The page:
The first thing that made an impression on me was how the scripture spoke of the New City of Jerusalem, (heaven), needing no light. “The city has no need of sun or moon to shine on it, for the glory of God is its light and its lamp is the Lamb. The nations will walk by its light, and the kings of the earth will bring their glory into it.” Revelation 22:5

I wondered. If I allow light into the dark areas in my life now, can’t God’s glory be more present in me and bring some heaven down on earth??” The following sentence goes on to say, “People will bring into it the glory and the honor of the nations,” so how else can people bring glory unless they allow more of God into themselves?

I’ve realized that the Tree of Life is Jesus and the Cross, but somehow hearing the reading yesterday about the leaves of the tree being “for the healing of the nations” seemed so full of hope in a new way! Hope for each of us individually, and in this time of division, hope for all the nations.

The goodness and love of God and His provision for us deserve our praise and gratitude.  We are all unclean; we are all full of falsehood; and although the Bible states, “Nothing unclean will enter it, not anyone who practices abomination or falsehood, but only those whose names are written in the Lamb’s book of life.”  He has provided healing leaves in the Tree of Life; He has provided the River of the Water of Life to cleanse us, and “take as a gift”. If we do these things, our names are written in the Lamb’s book of life.

He makes all things new!  We can live and bring His glory into our lives today through His provision of light, healing, and cleansing power. What a gift!


Feast Day of Christ’s Ascension – May 30th

Ascension Fresco at the Church of the Transfiguration, Community of Jesus on Cape Cod. Painted by Silvestro Pistolesi from Florence, ItalyUpon the Wings He of the Winde rode
Through all the silver Skies, and made
The Azure Cloud, His Chariot, bring
Him to the Mountain of Celestial joyes.
The Prince o’ th’ Aire durst not an arrow spend,
While through His Realm His Chariot did ascend.

Methinks I see Heaven’s sparkling courtiers fly,
In flakes of Glory down Him to attend,
And hear Heart-cramping note of Melody
Surround his Chariot as it did ascend;
Mixing their Music, making ev’ry string
More to enravish as they this tune sing.

God is gone up with a triumphant shout,
The Lord with sounding Trumpets’ melodies.
Sing Praise, sing Praise, sing Praise, sing Praises out,
Unto our King sing Praise seraphic wise!
Lift up your heads, ye lasting Doors, they sing,
and let the King of Glory enter in.

Excerpts from Meditation 20
Edward Taylor
17th Century Puritan Sacred Poet


Feast Day of St. Bede – May 25th

Saint Bede was a person of great intellect and an extraordinary scholar. And yet at heart, he was an uncomplicated man who loved God and found life’s joy in following His will.  There are no miracles on Bede’s balance sheet, no visions, and no revelations beyond a steady belief in the love of God and His plan for each of us.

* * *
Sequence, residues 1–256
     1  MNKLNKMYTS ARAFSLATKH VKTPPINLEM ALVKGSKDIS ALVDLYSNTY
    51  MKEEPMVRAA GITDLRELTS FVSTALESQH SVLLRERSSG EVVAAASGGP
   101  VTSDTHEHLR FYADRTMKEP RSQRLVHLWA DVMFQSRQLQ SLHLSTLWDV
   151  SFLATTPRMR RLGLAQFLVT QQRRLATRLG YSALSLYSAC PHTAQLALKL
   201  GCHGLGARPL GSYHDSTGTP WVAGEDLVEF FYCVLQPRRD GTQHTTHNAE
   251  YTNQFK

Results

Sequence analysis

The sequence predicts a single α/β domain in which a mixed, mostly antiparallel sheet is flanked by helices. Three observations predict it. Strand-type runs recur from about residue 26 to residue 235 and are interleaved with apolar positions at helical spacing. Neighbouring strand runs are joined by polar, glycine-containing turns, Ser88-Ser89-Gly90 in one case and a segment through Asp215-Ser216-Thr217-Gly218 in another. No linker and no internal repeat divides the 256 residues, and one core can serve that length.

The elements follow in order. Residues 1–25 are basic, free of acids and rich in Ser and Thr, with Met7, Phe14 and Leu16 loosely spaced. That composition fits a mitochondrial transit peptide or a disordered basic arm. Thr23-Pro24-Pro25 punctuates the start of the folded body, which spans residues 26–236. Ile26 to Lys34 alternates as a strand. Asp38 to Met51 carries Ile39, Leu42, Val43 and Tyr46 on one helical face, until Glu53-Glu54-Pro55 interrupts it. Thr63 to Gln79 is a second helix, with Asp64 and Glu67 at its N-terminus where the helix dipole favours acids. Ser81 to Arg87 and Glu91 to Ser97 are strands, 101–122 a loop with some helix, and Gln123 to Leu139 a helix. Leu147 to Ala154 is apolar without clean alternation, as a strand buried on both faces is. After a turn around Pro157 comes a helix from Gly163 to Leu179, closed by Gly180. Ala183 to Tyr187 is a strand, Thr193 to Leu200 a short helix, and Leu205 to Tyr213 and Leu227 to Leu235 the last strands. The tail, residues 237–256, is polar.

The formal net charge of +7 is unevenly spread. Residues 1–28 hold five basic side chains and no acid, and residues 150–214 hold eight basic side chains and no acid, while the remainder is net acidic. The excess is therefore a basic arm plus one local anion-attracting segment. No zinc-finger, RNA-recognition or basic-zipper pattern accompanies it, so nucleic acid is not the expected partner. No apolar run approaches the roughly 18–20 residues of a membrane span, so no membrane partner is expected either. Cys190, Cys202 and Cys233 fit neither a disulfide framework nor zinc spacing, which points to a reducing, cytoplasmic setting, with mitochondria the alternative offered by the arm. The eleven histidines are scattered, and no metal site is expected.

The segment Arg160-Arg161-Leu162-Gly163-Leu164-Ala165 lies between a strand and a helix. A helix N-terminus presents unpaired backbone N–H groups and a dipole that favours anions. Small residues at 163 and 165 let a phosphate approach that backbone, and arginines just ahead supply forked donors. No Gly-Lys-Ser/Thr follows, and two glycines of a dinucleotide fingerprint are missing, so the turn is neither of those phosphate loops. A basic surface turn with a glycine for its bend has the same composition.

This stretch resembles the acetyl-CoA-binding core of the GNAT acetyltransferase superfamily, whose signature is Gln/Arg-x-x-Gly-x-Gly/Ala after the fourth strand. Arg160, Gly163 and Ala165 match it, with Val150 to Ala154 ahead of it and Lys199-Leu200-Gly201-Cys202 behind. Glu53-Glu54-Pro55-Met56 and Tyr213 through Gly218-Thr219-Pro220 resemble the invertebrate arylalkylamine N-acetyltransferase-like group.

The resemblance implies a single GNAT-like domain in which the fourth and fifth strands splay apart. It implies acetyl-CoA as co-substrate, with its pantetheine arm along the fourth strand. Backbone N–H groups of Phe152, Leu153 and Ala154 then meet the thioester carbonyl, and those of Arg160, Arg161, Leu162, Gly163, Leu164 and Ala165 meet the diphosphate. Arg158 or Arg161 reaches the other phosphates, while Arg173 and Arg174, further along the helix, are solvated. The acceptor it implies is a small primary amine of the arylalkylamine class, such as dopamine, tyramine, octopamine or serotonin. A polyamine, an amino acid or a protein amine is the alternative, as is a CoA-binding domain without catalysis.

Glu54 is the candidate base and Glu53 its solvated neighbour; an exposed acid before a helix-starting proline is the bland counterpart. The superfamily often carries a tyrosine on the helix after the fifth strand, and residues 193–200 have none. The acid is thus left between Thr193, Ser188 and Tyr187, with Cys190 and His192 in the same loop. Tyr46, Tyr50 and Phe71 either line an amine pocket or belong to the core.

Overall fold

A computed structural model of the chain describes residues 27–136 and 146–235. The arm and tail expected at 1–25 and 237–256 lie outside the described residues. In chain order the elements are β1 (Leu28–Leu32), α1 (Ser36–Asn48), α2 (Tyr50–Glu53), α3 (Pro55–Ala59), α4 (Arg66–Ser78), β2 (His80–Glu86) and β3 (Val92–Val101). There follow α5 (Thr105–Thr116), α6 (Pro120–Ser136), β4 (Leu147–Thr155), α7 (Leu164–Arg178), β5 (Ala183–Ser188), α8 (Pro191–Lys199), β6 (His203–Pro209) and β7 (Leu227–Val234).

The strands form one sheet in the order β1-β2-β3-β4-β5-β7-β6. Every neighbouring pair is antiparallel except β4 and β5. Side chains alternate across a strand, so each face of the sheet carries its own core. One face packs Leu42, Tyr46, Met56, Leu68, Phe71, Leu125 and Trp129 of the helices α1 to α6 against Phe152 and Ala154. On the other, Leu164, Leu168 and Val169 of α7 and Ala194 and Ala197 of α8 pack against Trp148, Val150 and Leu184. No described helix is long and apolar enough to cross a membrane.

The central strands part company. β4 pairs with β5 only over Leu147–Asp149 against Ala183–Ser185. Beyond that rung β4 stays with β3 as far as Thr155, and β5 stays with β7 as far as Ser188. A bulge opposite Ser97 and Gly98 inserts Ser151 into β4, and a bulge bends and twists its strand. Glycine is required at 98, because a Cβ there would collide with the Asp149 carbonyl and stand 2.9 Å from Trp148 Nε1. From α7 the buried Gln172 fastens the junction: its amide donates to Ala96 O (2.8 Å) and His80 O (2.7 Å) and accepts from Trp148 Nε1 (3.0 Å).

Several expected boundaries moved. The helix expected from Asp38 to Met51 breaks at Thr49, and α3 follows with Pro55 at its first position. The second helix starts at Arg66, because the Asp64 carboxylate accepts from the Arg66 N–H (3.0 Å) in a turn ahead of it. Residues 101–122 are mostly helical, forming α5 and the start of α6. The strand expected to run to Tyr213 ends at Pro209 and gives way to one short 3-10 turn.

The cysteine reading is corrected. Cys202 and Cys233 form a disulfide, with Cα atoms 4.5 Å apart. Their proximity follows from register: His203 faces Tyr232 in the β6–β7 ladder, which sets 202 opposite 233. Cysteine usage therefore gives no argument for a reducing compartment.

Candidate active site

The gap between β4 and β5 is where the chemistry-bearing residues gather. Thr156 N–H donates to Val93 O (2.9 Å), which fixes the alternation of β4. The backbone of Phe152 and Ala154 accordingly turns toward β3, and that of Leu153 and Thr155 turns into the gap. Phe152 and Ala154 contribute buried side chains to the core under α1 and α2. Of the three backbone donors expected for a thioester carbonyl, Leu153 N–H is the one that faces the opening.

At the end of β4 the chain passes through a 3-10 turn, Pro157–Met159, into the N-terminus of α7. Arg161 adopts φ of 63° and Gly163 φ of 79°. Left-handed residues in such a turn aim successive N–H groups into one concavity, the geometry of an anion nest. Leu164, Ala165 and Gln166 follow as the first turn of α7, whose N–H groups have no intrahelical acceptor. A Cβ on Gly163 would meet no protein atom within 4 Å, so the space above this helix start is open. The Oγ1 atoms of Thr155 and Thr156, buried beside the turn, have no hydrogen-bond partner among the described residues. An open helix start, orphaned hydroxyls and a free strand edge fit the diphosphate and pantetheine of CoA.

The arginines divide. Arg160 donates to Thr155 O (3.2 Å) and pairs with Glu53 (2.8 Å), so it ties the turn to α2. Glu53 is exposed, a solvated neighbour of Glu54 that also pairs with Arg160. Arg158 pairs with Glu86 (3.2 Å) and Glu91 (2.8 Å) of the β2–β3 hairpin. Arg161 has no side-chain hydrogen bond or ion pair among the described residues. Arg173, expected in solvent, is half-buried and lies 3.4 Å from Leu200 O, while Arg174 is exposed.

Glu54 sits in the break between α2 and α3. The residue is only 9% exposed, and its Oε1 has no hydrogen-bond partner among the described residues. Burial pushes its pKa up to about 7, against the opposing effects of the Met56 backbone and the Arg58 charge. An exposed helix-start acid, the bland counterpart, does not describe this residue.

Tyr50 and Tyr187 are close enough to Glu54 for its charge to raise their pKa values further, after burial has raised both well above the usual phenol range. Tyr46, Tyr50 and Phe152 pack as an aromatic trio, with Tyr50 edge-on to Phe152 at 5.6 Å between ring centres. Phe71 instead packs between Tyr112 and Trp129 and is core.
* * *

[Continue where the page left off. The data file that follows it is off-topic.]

Saint Bede was born c. 673, and while his place of birth is uncertain, it’s believed he was born in present-day Sunderland, England. Sent to Jarrow Monastery at age seven, he spent the majority of his life there. Surrounded by saintly monks, Bede grew in spiritual stature and was an exemplary student of philosophy, astronomy, grammar, arithmetic, Holy Scripture and ecclesiastical history.  Eventually, he became a revered teacher, author, and scholar. His work Ecclesiastical History of the English People earned him the title “Father of English History.”

It’s said that nearing death, Bede called his fellow monks to his bedside and presented each with a gift he had made for them. His legacy then is first and foremost one of love for his fellow man and a life of humility amid personal greatness. He remained in his original Monastery of Saint Paul, Jarrow his entire life, content with the quiet simplicity of learning, writing, and teaching.

The Ancient Tradition of Bell Ringing

Did you know that bells were first created in ancient China? The earliest example of them appeared some 4,000 years ago, around the 1st Millennium BC. Chinese metal workers forged metal tiles together, leaving an opening at the bottom to release the sound. Because of the volume of the bells, they were used to signal important checkpoints throughout the day, such as the end of work.

As bells become more popular in Asia, they grew to represent a symbol of culture and power. They were decorated elaborately and were among the emperors most prized possessions. The more bells you had, the higher your status. The emperor had four, other royalty had three, ministers and religious priests three, and government officials had 1 bell in their houses.

So if bells were created in Asia for nonreligious purposes, how then did they develop into an integral part of the modern church? Essentially, it was their usefulness in communication that drew, in the 5th century AD, Benedictine monks from Italy to the Campana of Asia. There they learned how to cast the metal and brought the tradition to Italy. From there it spread across Europe. Religious ritual bells first rang to commemorate a funeral service and by the 9th century, were a regular part of various religious ceremonies.

All this to say that we have the ancient Chinese to credit for the beginnings of our beautiful tower bells!


Feast Day of St. Pachomius – May 15th